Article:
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Alexi Kaye Campbell's The Pride is running in Seoul through November 1st. The Pride's official website has the following synopsis of the play:
Tickets can be found at Interpark with prices from 35 to 50 thousand won at Daehak-ro's Art One Theater. There are also special discounts for students or during Chuseok (this weekend).
An Overview of the Poets of the Hamlets and Streets – Classical Chinese Poetry of the Lower Classes of Chosun
All over the world, literacy historically has been associated with the elite. This was also true in Korea. For much of its history, the written language used was Classical Chinese (漢文, 한문) and those who knew how to read and write were mostly male members of the gentry. This started changing during the Chosun Dynasty (朝鮮, 조선, 1392-1910). As many know, with regards to the script, King Sejong (世宗, 세종, 1397-1450, r. 1418-1450) attempted to bring literacy — and more importantly, Confucianism — to the lower classes by promulgating Hangul (한글). The new alphabet first caught on among gentry women, some of whom already literate in Classical Chinese, and gradually proliferated to members of the lower classes. Around the same time, however, Classical Chinese also had begun to take root as well.
Beginning in the 18th century, as Chosun’s economy became relatively wealthier, the lower classes, who previously had to devote most of their time to backbreaking manual labor, had the time to devote to other activities. They now had the opportunity to gather and listen to traveling bands of dancers and musicians playing pansori (판소리) and storytellers (傳奇叟, 전기수) reading from novels written in the vernacular. A number of them also had the opportunity to partake in Chosun’s high culture. Lower class families started sending their children to Confucian private schools (書堂, 서당) to learn Chinese classics. They even started forming poetry societies (詩社, 시사) to compose Classical Chinese poetry (漢詩, 한시) together.
Chosun’s Non-Gentry Poets and Poetry Societies
The Classical Chinese composed by of the lower classes is collectively called Yeohang Munhak (閭巷文學, 여항문학), or “Literature of the Hamlets and Streets.” There were four classes in Chosun Dynasty’s social order (身分制度, 신분제도): (1) the gentry Yangban (兩班, 양반), (2) skilled middle class (中人, 중인), (3) freed commoner class (良民, 양민 or 常民, 상민), and (4) vulgar class (賤民, 천민), of which slaves (奴婢, 노비) were a part. The last three comprised of the lower classes. (It should be noted that unlike China, which had abolished hereditary slavery fairly early in its history, Korean slavery was largely a hereditary system. Also, by the 18th and 19th centuries, many members of gentry families had fallen destitute (殘班, 잔반) and became indistinguishable from commoners.) The bulk of the poets from the lower classes were of the skilled middle class, but there were a number of freed commoners and even slaves that participated. They composed poetry on variety of themes, but the most reoccurring subject concerned the lives of the lower classes.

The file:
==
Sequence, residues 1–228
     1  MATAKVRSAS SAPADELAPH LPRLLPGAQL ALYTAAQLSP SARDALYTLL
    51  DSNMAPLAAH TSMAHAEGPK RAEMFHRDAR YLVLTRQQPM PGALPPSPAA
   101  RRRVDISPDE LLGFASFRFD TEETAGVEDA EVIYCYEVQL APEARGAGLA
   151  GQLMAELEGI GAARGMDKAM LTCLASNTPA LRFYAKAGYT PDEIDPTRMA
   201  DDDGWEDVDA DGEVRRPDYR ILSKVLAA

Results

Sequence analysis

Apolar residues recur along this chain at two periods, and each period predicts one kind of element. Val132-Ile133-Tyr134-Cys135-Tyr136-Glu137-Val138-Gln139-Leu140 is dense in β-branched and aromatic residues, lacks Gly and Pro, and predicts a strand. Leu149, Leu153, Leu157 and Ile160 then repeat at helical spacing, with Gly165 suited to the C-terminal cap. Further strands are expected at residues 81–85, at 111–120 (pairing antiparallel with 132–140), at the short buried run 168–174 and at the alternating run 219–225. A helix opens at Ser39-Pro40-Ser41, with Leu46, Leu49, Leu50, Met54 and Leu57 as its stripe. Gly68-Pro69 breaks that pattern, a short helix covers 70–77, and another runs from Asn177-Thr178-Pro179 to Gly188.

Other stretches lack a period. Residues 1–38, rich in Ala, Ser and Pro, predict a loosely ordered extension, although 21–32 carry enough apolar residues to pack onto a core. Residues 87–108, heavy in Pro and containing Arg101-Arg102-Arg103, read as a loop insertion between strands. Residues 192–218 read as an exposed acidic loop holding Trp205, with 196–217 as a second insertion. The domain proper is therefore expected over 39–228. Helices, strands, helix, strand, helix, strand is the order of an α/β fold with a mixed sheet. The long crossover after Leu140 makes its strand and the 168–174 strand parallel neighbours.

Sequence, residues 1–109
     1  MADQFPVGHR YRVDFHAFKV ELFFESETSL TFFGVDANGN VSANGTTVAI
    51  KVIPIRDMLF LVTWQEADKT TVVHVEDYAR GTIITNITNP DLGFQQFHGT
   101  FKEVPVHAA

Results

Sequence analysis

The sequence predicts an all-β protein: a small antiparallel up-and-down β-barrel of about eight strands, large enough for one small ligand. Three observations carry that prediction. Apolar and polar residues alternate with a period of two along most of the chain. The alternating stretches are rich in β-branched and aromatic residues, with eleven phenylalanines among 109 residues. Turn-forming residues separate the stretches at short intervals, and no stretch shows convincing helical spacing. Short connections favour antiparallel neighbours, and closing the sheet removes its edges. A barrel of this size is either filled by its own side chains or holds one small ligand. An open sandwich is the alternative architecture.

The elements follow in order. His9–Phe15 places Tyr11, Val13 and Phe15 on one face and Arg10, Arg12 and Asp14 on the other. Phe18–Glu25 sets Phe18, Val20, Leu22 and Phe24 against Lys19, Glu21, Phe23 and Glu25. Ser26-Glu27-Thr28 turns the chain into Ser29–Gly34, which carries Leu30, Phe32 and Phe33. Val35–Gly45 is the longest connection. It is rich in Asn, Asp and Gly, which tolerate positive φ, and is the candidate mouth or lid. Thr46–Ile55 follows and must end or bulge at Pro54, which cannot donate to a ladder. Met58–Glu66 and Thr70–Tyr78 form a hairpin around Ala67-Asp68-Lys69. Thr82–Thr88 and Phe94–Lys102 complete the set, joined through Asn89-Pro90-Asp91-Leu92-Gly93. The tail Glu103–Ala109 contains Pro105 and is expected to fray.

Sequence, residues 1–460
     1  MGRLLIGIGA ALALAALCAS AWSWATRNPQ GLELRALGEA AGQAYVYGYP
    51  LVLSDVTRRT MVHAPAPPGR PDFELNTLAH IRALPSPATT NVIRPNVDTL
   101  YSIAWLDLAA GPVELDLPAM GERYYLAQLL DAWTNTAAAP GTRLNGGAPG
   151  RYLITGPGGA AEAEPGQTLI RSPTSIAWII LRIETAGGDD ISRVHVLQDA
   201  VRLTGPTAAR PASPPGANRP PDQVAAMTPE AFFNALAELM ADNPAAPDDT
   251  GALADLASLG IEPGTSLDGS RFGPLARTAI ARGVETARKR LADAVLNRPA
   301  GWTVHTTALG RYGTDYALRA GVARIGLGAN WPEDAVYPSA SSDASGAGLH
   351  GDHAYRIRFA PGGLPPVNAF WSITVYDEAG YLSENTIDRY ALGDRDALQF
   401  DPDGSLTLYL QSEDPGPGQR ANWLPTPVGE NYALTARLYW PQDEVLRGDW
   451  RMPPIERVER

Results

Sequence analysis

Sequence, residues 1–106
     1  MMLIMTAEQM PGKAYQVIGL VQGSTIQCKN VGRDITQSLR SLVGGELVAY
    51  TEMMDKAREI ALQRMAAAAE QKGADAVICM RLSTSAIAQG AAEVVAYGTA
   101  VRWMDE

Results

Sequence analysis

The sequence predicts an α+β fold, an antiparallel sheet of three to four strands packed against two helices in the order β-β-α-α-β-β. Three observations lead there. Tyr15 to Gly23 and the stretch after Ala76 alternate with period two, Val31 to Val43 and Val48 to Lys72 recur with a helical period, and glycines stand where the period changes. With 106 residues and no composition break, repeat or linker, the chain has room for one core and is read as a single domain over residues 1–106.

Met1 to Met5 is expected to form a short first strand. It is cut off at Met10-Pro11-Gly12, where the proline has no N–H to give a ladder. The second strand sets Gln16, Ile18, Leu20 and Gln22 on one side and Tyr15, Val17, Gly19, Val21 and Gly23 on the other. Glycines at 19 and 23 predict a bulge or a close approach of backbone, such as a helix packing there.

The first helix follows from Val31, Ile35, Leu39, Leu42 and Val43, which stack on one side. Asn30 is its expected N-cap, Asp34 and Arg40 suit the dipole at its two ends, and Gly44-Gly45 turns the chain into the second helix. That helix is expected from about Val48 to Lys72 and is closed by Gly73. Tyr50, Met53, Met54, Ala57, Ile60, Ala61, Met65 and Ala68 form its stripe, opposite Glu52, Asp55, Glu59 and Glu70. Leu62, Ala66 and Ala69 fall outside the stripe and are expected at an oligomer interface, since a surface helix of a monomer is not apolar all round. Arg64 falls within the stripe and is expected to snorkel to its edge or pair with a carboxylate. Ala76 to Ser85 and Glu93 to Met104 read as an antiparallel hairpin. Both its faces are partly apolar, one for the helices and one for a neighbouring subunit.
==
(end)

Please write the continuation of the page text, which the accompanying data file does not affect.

Eo Mujeok (魚無迹, 어무적, late 15th Century)
Eo Mujeok is one of the first poets from the lower classes. His father was of the gentry Yangban class, but his mother was a government maidservant (官婢, 관비). Because of the different statuses of his parents, the laws at the time (從母法, 종모법) dictated that Eo Mujeok be born into the slave status like his mother. His father educated Eo Mujeok and was eventually able to obtain freedman status (免賤, 면천) for him. Eo Mujeok was also able to serve at a very low ranking bureaucratic post for sometime, and often wrote about the toils of those in his former class. He often appealed to Confucianism in critiquing the circumstances of his time, as he does in the poem below.
Lamentation on the New Calendar (Second and fourth verses)
Emperors Yao and Shun, even now their faces are still beautiful;
Duke of Zhou and Confucius, even now their heads are still black.
In the morning, they are heard discussing and debating above the earthen steps;
At evening, they are seen playing and reciting next to the apricot tree grounds.
Yao • Shun • to • now • face • still • beautiful
Zhou • Confucius • to • now • head • still • black
Morning • to hear • onomatopoeia • onomatopoeia • earth • steps • above
Evening • to see • strings • to recite • apricot tree • ground • next